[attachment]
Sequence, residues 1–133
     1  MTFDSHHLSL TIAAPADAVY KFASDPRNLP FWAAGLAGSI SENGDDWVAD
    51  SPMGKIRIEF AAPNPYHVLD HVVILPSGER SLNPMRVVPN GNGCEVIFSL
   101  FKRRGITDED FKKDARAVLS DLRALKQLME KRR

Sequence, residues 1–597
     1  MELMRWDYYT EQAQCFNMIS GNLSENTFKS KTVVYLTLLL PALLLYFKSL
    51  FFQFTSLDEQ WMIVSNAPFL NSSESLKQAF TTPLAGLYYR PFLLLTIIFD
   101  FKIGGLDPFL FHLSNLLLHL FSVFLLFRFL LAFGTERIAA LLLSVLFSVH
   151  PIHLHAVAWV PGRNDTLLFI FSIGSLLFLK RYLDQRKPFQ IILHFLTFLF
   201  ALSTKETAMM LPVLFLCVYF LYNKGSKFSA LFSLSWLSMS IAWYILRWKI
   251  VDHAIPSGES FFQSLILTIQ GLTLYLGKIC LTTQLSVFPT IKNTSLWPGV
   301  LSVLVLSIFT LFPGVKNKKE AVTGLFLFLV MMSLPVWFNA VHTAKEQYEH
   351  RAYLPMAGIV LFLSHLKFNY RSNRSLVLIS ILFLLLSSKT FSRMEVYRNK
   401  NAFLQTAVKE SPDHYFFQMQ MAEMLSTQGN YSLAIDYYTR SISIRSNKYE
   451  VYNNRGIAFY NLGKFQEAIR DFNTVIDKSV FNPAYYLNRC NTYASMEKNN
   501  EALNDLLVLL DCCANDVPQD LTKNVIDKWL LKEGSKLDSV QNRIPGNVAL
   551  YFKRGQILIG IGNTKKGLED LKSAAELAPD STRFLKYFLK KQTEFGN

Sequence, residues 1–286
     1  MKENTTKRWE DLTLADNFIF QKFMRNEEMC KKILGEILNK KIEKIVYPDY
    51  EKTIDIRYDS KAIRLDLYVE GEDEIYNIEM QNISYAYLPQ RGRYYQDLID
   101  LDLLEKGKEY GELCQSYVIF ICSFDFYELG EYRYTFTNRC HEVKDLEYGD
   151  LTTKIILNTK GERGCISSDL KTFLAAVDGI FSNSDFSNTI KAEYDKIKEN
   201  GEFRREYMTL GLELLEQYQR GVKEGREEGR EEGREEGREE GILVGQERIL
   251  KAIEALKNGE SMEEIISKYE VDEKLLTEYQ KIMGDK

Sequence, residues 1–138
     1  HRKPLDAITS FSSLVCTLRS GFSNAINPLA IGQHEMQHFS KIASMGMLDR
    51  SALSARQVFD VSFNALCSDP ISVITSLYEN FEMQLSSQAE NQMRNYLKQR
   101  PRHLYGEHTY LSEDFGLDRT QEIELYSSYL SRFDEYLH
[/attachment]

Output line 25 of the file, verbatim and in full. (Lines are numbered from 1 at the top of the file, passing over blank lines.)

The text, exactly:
Sequence, residues 1–138